Revisiting Mortgages

Revisiting Mortgages
The U.S. mortgage market offers unprecedented opportunity

By Chris Dillon, Portfolio Specialist, T. Rowe Price

Like any other financial crisis, the present downturn presents new opportunities.. As a by-product of the current crisis, T. Rowe Price sees compelling opportunities in global fixed income markets. But making the most of these prospects requires careful timing, and in the present market, the signal to go forward comes from the $12 trillion U.S. mortgage market, which precipitated the current global financial and economic crisis.

The U.S. mortgage market revealed its instability in 2003, when accounting issues arose at Fannie Mae and Freddie Mac, leading to a sudden rise in non-agency mortgage origination. At the same time, collateralized debt obligations (CDOs) began to proliferate as Wall Street’s solution to a low-yield world.

These seemingly independent developments became intertwined through securitization, the process that allowed non-agency mortgage providers to rapidly originate mortgages while almost simultaneously selling these loans. The Street, meanwhile, voraciously bought these loans to repackage them into highly profitable CDOs that were, in turn, being widely sold to investors globally.

We now know how this story ended. Once the U.S. housing bubble burst in late 2006, CDO values crashed, securitization screeched to a halt, mortgage troubles spread to other asset-backed sectors, and overall credit issuance was hindered even for good credits, exacerbating the downturn.

Amid these developments, risk was dramatically re-priced across global debt markets, creating compelling investment opportunities. Indeed, many of T. Rowe Price’s U.S. portfolio managers believe that the market environment of early 2009 presented the greatest set of opportunities that they had ever seen, given near-record spread levels.

In early 2009, two primary considerations were at work in our view: the worst global economic contraction since World War II was being experienced in concert with general debt market paralysis that introduced massive illiquidity premiums into non Treasury debt security valuations. In our view, these considerations brought the focus back to the U.S. mortgage market and policy actions by the Obama administration to stabilize it and the overall “shadow banking system.” These policies –along with such initiatives as the Term Asset Backed Loan Facility (TALF) and the Public Private Investment Partnership (PPIP) – helped to not only reduce these illiquidity premiums, but also paved the way for the reopening of debt markets, which has ultimately sparked a strong US “spread” sector rally through the first half of the year.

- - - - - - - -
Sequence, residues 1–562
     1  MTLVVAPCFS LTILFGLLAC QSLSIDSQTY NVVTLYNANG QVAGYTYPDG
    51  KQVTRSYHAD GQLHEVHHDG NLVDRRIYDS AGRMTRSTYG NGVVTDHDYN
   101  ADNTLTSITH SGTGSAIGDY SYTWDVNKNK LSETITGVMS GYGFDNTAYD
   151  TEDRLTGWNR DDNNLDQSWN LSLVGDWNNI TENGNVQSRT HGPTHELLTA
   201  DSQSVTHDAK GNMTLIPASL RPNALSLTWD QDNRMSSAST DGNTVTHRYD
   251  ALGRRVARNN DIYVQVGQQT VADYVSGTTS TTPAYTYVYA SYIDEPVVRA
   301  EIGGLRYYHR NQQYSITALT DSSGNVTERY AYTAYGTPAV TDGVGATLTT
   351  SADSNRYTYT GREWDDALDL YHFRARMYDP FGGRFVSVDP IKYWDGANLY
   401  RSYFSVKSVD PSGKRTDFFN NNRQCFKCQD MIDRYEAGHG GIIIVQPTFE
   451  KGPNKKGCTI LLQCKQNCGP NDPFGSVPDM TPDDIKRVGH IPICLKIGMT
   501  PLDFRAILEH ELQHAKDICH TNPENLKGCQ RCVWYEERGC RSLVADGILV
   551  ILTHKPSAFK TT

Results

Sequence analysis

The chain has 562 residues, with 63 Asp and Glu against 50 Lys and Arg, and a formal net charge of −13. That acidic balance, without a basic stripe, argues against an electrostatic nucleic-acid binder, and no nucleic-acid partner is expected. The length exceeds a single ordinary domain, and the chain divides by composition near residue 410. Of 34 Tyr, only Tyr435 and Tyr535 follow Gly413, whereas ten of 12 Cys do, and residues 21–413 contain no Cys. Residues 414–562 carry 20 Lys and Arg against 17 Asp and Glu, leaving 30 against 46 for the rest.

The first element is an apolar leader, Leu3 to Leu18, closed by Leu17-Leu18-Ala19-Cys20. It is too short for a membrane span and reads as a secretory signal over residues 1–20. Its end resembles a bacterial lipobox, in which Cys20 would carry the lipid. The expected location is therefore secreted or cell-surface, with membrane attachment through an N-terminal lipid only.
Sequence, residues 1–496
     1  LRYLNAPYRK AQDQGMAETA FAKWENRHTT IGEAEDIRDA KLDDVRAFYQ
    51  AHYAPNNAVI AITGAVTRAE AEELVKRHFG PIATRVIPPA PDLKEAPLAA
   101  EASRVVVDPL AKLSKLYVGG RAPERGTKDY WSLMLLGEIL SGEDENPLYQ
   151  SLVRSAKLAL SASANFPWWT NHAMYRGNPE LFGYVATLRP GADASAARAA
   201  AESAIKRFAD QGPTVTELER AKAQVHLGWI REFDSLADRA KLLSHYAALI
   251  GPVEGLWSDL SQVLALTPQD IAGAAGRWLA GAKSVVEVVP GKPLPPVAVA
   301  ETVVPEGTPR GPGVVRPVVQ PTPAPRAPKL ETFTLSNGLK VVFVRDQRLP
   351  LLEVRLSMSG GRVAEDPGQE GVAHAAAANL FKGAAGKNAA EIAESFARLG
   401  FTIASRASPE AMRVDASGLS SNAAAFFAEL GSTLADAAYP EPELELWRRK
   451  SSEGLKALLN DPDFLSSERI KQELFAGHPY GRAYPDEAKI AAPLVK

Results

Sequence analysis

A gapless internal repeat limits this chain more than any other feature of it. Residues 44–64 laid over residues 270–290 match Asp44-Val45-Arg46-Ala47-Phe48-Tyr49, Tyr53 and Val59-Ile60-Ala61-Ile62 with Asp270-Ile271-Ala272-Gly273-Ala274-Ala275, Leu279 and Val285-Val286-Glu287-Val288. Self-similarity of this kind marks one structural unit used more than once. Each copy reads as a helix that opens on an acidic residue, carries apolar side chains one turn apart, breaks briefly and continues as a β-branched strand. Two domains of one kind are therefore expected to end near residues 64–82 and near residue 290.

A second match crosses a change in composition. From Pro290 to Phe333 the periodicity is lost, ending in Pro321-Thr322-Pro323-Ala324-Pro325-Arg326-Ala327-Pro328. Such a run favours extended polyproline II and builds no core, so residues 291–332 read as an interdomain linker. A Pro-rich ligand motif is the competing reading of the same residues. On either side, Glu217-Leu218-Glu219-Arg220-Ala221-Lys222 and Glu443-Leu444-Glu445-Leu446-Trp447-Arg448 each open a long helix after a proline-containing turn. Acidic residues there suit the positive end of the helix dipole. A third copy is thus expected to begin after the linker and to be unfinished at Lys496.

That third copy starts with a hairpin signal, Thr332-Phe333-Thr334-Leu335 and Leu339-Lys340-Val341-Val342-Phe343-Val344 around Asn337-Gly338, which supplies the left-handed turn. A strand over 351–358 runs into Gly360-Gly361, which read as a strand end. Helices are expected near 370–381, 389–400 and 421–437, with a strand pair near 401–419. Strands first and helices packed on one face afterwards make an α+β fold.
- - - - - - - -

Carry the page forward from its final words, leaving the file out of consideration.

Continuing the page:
From a current perspective, we still view the state of the US mortgage market as an integral consideration for institutional investors. It is only through a stabilized mortgage market, for example, that the US housing market can find a bottom, which in turn helps contribute toward economic growth traction. While large illiquidity premiums have already been extracted from US spread sectors, as signs of economic hope emerge (so called "green shoots"), we believe current market valuations continue to warrant positions in Investment Grade Credit, Asset Backed and Commercial Backed securities, Bank Loans and High Yield.

As referenced above, stability in the U.S. housing market is one important prerequisite for economic and capital market recovery and by certain measures that is already beginning to take hold: housing supply is dropping; affordability has returned to 1980s’ levels and, on a global valuation basis, U.S. housing is now considered cheap. Nevertheless, despite these positive indicators, distress remains as foreclosures are still rising. Going forward, we believe the focus must be on three primary issues that have been left on the table: home prices, negative equity and bad "legacy" assets. The faster home prices stop declining, the better and this will require more purchasing incentives among other considerations. None of the programs so far have addressed negative equity, an issue clouded by possible bankruptcy legislation and one that must be resolved so that bad assets can be properly valued.

It is our view that these issues will be resolved in due course and our overall outlook remains constructive—and particularly so for investors with intermediate-to longer-term time horizons.

This material is provided for informational and educational purposes only and not intended to reflect a current or past recommendation, investment advice of any kind, or a solicitation of an offer to buy or sell any securities or investment services. This opinions and commentary do not take into account the investment objectives of financial situation of any particular investor or class of investor. Investors will need to consider their own circumstances before making an investment decision. The views contained herein are as of April 2009 and may have changed since that time.

Issued by T. Rowe Price (Canada), Inc. T. Rowe Price (Canada), Inc. enters into written delegation agreements with affiliates to provide investment management services. T. Rowe Price (Canada), Inc. is not registered to provide investment management business in all Canadian provinces. Our investment management services are only available to select clients in those provinces where we are able to provide such services. This material is intended for use by accredited investors only.


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